Psycho

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“The screen’s master of suspense moves his camera into the icy blackness of the unexplained!”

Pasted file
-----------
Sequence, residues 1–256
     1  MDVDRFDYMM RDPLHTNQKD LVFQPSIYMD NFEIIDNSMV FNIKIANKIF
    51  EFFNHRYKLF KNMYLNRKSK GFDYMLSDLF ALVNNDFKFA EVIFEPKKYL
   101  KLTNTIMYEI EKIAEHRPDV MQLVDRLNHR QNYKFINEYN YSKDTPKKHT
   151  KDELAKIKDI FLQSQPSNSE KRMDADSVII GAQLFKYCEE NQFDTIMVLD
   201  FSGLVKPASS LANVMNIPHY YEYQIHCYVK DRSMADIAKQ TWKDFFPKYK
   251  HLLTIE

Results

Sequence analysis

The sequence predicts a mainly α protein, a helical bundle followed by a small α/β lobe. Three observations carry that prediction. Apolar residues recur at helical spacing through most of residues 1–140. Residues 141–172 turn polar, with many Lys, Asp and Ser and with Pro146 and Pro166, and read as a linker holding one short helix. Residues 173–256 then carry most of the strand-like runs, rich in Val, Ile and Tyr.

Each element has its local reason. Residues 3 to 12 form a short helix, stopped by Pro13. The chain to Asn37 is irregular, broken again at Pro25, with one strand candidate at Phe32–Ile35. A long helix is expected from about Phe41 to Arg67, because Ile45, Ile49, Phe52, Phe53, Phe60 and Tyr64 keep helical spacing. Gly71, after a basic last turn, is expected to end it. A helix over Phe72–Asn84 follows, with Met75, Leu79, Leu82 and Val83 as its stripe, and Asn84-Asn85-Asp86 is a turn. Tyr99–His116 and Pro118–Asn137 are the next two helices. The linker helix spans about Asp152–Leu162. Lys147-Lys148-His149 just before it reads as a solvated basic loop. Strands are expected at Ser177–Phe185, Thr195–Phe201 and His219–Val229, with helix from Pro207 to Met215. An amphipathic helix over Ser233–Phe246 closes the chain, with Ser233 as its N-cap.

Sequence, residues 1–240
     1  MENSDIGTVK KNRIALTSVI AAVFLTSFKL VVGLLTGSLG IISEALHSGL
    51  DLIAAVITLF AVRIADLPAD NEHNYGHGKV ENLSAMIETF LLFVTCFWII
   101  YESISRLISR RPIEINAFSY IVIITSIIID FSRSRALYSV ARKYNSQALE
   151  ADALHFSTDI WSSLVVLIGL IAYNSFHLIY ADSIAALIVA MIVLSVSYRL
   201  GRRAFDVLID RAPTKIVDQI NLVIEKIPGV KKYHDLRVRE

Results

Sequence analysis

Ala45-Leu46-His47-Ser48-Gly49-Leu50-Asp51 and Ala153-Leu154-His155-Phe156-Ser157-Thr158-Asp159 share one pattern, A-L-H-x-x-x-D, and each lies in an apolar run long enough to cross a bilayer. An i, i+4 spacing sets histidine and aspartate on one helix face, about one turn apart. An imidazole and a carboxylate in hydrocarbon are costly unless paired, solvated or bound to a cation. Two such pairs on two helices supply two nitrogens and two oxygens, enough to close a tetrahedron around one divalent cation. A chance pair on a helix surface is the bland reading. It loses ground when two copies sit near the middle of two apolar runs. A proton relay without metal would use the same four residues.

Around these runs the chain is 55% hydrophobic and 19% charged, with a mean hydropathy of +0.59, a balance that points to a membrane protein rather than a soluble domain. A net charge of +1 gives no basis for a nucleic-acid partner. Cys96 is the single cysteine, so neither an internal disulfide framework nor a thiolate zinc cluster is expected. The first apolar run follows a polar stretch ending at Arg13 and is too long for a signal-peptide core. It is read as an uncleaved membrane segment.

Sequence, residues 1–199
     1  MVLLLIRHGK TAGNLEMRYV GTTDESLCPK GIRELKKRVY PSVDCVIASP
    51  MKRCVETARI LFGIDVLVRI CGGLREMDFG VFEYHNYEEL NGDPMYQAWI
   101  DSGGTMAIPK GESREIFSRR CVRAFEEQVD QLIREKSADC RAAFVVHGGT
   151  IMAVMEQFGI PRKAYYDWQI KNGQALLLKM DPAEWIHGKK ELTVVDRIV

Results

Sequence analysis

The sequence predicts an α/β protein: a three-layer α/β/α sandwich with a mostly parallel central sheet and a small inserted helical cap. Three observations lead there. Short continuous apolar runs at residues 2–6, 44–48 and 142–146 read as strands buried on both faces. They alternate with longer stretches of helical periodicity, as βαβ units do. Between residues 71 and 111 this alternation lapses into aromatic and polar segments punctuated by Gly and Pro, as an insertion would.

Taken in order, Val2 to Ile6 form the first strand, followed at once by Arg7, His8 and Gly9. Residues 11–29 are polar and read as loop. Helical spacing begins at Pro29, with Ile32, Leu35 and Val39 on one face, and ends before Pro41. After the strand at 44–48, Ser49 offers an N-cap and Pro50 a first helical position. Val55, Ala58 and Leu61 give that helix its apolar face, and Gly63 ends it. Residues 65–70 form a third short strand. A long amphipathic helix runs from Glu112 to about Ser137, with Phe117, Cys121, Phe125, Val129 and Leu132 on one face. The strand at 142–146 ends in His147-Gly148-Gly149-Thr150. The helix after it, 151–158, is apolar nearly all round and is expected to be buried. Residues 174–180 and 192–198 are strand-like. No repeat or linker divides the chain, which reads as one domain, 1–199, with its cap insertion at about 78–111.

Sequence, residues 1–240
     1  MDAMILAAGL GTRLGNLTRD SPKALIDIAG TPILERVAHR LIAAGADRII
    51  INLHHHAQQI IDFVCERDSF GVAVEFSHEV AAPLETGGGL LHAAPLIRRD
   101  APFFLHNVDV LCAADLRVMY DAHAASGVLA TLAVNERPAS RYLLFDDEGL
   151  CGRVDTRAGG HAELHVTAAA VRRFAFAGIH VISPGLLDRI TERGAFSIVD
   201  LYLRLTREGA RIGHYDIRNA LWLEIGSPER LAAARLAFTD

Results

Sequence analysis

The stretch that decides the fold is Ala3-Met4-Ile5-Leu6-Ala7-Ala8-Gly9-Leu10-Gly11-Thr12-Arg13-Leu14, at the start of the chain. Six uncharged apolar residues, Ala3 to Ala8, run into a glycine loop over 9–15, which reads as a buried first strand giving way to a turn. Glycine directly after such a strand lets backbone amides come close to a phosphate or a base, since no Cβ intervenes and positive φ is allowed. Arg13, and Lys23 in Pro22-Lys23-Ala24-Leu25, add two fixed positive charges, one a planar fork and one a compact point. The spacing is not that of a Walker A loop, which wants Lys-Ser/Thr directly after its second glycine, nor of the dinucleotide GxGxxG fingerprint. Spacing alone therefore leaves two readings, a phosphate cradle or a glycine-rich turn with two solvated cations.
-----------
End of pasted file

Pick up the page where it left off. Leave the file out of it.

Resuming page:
“A new – and altogether different – screen excitement!” exclaimed the poster, and for once, it was no exaggeration. Starting as a kind of sleazy film noir in a sweltering Phoenix hotel, with a femme fatale plotting to steal from her boss, Psycho literally changes genre – and protagonists – half-way through the film. With its now iconic imagery, shocking narrative twist and nerve-shredding Bernard Herrmann score, Psycho changed the rules of cinematic suspense, and its famous shower scene not only left audiences reeling, it ushered in a completely new species of horror film – one so ahead of its time, it wouldn’t be until the ‘70s slasher boom that it would truly find its form. Arguably one of Hitchcock’s finest works, and certainly his most influential, this still-creepy classic features edgy, intense performances by Janet Leigh as the ill-fated blonde, and twitchy Anthony Perkins as a whole new type of cinematic monster – one partly inspired by real-life killer and grave-robber Ed Gein – made all the more terrifying by his “boy next door” normalcy. Why, he wouldn’t even hurt a fly … (Dir. by Alfred Hitchcock, 1960, US, 109 min., Not Rated) HD Digital